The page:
I actually set up pfSense months ago and it’s been running flawlessly since then. pfSense is a router distribution of FreeBSD. I’ve always considered FreeBSD a robust and well-performing server platform, and want to see how well it performs as a router.
First I’ll give you a quick look at my current virtualbox test lab:
I’ve been a huge FreeBSD user/admin for years, both at work and at home and haven’t had the chance to take a look at a FreeBSD-based router/firewall platform.
So we start creating the vm (remember the last post I aliased VBoxManage to vboxmanage -q (for quiet) to make it easier):
vboxmanage createhd --filename /storage/bangel/vbox-disks/router2.vdi --size 2048 --format VDI --variant standard vboxmanage createvm --name router2 --ostype FreeBSD --register
I know I created a 2gig disk, but the actual pfSense install only ended up requiring 230 MB for the base system and I gave it 128 Megs for swap. If you plan on installing additional software or features, the space could come in handy. For example, web proxy/cache or NIDS logging.
Next I’m going to assign RAM, a VRDP port, both IDE and SATA storage controllers, then attach my media. Remember that currently, virtual DVD drives can only be attached to IDE Controllers.
vboxmanage modifyvm router2 --memory 128 --vrdp on --vrdpport 3395 vboxmanage storagectl router2 --add sata --name "SATA Controller 1" vboxmanage storageattach router2 --storagectl "SATA Controller 1" --port 0 --device 0 --type hdd --medium /storage/bangel/vbox-disks/router2.vdi vboxmanage storagectl router2 --add ide --name "IDE Controller 1" vboxmanage storageattach router2 --storagectl "IDE Controller 1" --port 0 --device 0 --type dvddrive --medium /storage/bangel/isos/pfSense-1.2.3-RELEASE-LiveCD-Installer.iso
Now I typo’d the last command about three times. Don’t be discouraged if you do the same thing or have to run ‘vboxmanage modifyvm’ and get the list of options. I still have to do that sometimes. It takes a lot of practice to become proficient with the virtualbox command line utilities.
So next let’s setup the network cards. When you create a new virtual machine, VBox defaults to a specific NIC depending on OS. For FreeBSD, we get the Intel(R) PRO/1000 Gigabit Ethernet adapter, which has a great driver and is well-supported. Here we setup the second NIC, set them to “intnet” and then give names to the two “intnets” . When you assign names to the internal network VBox creates virtual switches and “plugs in” your NICs. Notice that our two interfaces are plugged into different switches. Remember this is a router.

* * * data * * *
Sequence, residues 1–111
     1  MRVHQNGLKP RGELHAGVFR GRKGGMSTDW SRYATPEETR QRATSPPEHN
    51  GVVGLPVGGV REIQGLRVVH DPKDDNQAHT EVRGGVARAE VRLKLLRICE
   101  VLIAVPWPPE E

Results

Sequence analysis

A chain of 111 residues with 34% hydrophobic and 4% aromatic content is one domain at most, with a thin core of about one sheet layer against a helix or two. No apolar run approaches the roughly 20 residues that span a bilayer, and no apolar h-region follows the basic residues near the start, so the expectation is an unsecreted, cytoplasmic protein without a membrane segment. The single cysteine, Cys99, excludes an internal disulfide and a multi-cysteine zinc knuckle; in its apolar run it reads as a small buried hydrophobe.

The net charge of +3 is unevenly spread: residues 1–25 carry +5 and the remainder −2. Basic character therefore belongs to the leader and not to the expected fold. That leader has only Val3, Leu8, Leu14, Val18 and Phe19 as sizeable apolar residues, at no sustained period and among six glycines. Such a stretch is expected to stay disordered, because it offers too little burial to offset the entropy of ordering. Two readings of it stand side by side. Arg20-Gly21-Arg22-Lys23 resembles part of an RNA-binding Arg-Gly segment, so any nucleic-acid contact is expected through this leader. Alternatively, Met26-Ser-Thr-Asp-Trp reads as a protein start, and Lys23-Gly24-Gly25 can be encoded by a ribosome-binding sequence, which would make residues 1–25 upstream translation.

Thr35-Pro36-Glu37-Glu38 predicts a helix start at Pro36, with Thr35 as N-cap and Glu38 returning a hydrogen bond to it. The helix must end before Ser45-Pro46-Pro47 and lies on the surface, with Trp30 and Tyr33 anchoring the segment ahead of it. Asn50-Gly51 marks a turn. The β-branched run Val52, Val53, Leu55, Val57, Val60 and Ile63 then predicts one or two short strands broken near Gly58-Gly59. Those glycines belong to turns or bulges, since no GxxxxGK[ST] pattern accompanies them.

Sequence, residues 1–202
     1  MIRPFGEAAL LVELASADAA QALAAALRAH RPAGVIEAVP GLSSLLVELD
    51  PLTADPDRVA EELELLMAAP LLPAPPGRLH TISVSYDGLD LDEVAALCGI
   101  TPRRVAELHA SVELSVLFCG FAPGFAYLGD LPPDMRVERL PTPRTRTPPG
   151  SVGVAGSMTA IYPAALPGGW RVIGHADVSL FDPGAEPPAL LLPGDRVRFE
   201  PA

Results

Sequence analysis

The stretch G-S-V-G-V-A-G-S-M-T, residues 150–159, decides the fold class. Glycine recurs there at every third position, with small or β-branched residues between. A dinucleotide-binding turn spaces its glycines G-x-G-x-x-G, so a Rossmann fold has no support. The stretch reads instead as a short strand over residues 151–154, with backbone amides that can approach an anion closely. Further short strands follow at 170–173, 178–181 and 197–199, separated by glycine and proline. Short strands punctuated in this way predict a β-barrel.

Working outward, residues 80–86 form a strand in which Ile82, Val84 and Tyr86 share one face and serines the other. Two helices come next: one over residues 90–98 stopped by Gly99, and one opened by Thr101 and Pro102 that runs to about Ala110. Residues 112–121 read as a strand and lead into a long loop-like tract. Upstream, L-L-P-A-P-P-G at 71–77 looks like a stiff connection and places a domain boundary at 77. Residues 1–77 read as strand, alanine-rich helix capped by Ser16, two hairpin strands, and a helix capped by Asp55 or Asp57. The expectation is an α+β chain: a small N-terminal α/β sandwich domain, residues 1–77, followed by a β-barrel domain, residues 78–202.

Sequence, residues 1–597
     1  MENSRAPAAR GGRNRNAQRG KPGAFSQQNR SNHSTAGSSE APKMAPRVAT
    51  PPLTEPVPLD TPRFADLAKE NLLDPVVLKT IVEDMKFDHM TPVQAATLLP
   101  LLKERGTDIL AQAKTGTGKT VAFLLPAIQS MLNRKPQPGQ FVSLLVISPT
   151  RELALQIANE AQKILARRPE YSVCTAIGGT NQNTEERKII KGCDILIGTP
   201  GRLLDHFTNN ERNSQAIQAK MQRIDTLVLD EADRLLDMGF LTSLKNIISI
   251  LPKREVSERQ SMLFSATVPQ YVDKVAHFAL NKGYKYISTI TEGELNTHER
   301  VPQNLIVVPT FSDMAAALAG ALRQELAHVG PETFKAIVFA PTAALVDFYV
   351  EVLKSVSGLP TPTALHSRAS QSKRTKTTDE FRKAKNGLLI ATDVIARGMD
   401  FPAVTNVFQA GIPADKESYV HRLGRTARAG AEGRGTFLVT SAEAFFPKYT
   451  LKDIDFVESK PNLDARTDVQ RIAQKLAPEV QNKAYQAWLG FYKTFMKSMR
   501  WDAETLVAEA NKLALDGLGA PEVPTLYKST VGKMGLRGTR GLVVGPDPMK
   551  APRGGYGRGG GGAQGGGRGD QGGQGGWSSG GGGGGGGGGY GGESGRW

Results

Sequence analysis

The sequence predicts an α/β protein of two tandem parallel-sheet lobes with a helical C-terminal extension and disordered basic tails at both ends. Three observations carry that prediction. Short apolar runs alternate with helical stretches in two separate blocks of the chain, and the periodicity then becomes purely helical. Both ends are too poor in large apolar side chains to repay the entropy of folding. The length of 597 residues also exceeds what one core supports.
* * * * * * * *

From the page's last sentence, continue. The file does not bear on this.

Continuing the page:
vboxmanage modifyvm router2 --nictype2 82540EM vboxmanage modifyvm router2 --nic1 intnet vboxmanage modifyvm router2 --nic2 intnet vboxmanage modifyvm router2 --intnet1 internal-network vboxmanage modifyvm router2 --intnet2 core-network
Make sure to run ‘vboxmanage showvminfo <yourvmname>” and note the NIC 1 and NIC 2 lines. Document the MAC addresses and which virtual switch (intnet) they are assigned to. Go ahead and start up the new VM to begin pfSense installation. I use ‘VBoxHeadless -s router2′ then connect via RDP. Make sure to set your LAN address to something on your network for now, the pfSense default firewall settings only allow access to the web interface from the LAN interface. After installation I added a pf rule to allow it from any interface; since this is all internal, there are no security concerns. I also enabled SSHD. All the normal commands from FreeBSD are available in console and I find it makes troubleshooting easier.
Once installation is complete, I shut off the VM and change remove the ISO from the boot list:
vboxmanage controlvm router2 poweroff vboxmanage modifyvm router2 --boot2 none
Now we can make copies of the VDI file either manually or with VirtualBox’s clonehd function.